UICCU could never have foreseen how hard the IBA was going to fight its planned bank acquisition. But the IBA leaped into battle with one of its most aggressive media campaigns ever. To support the bill, the IBA began airing one-minute commercials on 24 different radio stations, and sent 10,000 letters to Iowa legislators. The IBA also produced three successive postcards for its members who were asked to sign and forward them to their elected officials. The head of the IBA’s anti-credit union task force even held a rally for the cause at the state capitol where 400 bankers turned out.
Meanwhile, James Forney, superintendent of credit unions for Iowa’s Department of Commerce, was evaluating UICCU’s bid for Hawkeye State Bank. At first, he acknowledged that the deal was indeed possible, saying “there is a provision in Iowa law that allows credit unions to make an investment in banks.” But he surprised everyone by rejecting the deal even before the credit union ever submitted a formal application.
Forney’s main obstacle was the effect the acquisition would have on UICCU’s capital. Forney said UICCU proposed acquiring the bank in such a way that would have not permitted them to add the bank’s capital to their own, thus diluting the credit union’s capital to unacceptably risky levels.
Forney denied there was any political pressure to kill the UICCU/Hawkeye deal that had fueled the dispute. In any event, UICCU’s bid for the struggling bank was dead.
Credit Union Tax Bill Buried After UICCU’s Hawkeye Deal Killed
Forney’s decision was welcome relief for Iowa’s legislature, who weren’t keen to take on the issue of credit union taxation. Politicians have always been reluctant to tax credit unions because of their popularity with voters, and in the end, Iowa’s lawmakers proved to be no different.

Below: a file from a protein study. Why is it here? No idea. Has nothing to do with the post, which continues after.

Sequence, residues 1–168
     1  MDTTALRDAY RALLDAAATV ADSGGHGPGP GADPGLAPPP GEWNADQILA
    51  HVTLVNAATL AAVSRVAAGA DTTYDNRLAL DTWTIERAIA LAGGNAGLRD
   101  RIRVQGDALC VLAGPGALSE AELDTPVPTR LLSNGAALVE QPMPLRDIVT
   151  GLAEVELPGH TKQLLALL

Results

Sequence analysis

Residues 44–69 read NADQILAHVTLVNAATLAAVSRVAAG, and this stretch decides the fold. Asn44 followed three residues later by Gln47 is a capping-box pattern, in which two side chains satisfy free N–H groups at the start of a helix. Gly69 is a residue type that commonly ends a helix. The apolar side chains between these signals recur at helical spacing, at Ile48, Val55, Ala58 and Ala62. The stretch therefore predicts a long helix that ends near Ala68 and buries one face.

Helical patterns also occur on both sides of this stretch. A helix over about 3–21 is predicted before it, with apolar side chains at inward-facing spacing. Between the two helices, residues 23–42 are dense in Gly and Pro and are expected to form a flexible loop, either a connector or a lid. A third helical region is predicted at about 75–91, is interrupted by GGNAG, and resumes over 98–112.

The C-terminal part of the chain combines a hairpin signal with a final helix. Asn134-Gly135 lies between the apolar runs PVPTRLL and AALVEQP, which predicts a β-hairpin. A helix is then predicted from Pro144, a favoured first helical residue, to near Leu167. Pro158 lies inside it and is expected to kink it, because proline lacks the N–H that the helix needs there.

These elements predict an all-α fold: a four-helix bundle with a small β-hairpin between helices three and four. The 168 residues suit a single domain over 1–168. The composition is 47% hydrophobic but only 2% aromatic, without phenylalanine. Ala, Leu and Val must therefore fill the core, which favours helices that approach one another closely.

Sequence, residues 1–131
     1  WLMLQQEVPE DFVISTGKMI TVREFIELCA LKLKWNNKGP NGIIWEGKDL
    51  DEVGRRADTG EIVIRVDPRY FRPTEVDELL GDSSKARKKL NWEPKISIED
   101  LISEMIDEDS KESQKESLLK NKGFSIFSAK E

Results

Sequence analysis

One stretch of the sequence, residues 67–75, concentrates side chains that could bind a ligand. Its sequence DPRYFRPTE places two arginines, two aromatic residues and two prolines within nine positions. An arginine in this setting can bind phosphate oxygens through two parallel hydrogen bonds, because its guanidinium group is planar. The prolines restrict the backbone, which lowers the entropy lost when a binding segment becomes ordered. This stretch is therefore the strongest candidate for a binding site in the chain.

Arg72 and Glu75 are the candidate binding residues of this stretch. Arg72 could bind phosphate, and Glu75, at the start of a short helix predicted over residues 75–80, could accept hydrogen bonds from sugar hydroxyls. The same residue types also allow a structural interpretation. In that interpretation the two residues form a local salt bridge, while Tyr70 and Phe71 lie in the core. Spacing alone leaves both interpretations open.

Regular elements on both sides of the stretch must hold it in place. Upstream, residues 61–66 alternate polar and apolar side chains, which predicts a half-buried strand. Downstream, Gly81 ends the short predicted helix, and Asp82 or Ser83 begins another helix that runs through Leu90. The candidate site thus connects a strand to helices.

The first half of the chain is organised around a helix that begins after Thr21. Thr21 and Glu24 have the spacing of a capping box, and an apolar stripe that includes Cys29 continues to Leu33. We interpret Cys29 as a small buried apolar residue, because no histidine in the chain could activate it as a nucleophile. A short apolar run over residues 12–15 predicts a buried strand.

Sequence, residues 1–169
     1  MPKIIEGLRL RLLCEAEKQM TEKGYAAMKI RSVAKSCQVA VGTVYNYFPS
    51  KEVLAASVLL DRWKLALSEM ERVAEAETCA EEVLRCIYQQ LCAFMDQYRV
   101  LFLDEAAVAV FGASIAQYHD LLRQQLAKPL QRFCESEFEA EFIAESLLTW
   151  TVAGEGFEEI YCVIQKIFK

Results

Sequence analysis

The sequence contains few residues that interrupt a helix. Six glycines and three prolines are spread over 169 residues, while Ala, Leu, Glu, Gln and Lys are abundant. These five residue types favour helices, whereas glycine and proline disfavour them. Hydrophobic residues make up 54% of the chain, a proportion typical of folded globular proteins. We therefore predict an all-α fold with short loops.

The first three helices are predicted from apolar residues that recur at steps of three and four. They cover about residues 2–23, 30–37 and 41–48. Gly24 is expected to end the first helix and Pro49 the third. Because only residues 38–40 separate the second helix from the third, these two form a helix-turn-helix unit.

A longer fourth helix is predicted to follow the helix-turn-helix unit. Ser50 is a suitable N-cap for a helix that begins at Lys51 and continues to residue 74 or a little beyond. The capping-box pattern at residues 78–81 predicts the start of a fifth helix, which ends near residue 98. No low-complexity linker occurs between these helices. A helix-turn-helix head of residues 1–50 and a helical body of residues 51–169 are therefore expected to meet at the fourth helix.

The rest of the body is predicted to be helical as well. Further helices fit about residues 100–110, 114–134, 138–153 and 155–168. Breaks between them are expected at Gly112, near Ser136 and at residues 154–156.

By April 2003, the bill was dead, despite all the pressure from Iowa’s powerful banking lobby. The Republican-controlled Senate needed damage control. Backpedalling, they said they voluntarily abandoned the Republican-sponsored bill to tax credit unions because they were adverse to introducing any new taxes at that time.
Ultimately, the IBA admitted legislative support for its proposed bill waned after UICCU’s plans to buy Hawkeye State Bank fell through. Once the deal was off the table, so was the bill.
Nevertheless, the bill was a huge scare for Iowa’s credit unions, who were one vote away from being taxed. They had mounted a strong defense, bombarding legislators with 11,000 letters, 5,000 emails and a petition with 7,000 signatures in support of their cause. They held their own pro-credit union rally at the state’s capitol where more than 1,000 people attended.